Maybe Seierstad (the Norwegian journalist who wrote the bestselling The Bookseller of Kabul) just had a better translator, because I've rarely read a book that so faithfully renders the distinctive rhythm and feel of Serbian. But there is more to it than that. Partly it's because there is no agenda here, and because these Serbs are not actors in someone else's ideological drama. Partly it's down to Seierstad's warts-and-all approach to portraiture.
Her Serbs are garrulous and hospitable, doling out plum and apricot brandy to all comers. But Seierstad gives free rein to their loony side, without which you can't understand the mess that Serbia has got itself into. She is well aware of the flip side: the catastrophic longing for a fatherly dictator, the obsessive hatred for Albanians and Islam in general, the (often rather winning) self-delusions.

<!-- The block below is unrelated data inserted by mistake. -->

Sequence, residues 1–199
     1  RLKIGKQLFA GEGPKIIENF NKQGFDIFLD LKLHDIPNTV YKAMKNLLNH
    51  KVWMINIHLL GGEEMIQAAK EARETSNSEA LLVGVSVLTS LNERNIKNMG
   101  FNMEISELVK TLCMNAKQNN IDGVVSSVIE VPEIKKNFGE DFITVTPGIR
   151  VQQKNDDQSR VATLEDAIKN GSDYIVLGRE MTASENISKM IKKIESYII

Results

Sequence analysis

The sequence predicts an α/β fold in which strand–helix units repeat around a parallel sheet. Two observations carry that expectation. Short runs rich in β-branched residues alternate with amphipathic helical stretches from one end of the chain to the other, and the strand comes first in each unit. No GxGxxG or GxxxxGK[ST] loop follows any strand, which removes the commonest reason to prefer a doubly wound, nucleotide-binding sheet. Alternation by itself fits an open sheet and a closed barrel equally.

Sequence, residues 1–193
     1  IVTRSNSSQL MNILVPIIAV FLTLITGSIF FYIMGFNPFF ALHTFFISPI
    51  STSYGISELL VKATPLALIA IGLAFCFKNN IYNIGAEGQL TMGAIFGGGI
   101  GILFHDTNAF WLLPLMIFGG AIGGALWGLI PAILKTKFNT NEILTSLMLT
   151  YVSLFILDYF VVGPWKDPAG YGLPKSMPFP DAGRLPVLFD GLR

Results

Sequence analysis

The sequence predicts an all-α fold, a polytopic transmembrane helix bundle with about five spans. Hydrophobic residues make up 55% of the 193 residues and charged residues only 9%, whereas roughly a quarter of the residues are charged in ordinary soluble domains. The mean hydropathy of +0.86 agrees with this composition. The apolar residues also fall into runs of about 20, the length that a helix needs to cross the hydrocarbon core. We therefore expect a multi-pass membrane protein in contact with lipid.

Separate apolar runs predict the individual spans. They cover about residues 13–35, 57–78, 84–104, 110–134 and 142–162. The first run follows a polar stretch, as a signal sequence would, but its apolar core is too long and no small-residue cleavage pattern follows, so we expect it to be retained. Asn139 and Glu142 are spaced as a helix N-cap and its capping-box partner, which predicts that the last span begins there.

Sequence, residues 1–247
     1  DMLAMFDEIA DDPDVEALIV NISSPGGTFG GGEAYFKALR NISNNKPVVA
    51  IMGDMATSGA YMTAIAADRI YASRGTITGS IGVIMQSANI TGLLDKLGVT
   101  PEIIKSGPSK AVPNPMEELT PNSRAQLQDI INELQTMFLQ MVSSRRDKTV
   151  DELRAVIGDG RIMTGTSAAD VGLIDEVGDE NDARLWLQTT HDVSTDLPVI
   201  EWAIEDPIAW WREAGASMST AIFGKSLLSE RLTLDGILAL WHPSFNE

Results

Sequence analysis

Readers of The Bookseller of Kabul will not be surprised to see Seierstad applying the same eye for revealing detail here, whether that's the lipgloss that accompanies the democracy activist to her rallies, the icons winking in the darkness of the stuffy refuge of an exiled family of Kosovo Serbs, or the picture of Milosevic hanging on the wall of an elderly farmer.
This character, whom we encounter first, is perhaps the finest-drawn of the lot. It's not hard to write entertainingly of Serbian "good guys" - all those bright-eyed students whom I well remember, with their neat haircuts and brave, noble thoughts. It's harder to worm yourself into the affections of the other side - the ranks of flint-faced peasants with cross-looking, headscarved wives who, when reporters tried to get near them, would start hollering: "I'm not talking to foreign spies!"
But Seierstad has done just that. Her portrait of the shock-haired, Milosevic-worshipping farmer is, perhaps, the most moving, although it is only one of many gems in this funny and affecting account of life among the stubborn, infuriating and - sometimes - delightful Serbs.Reuse content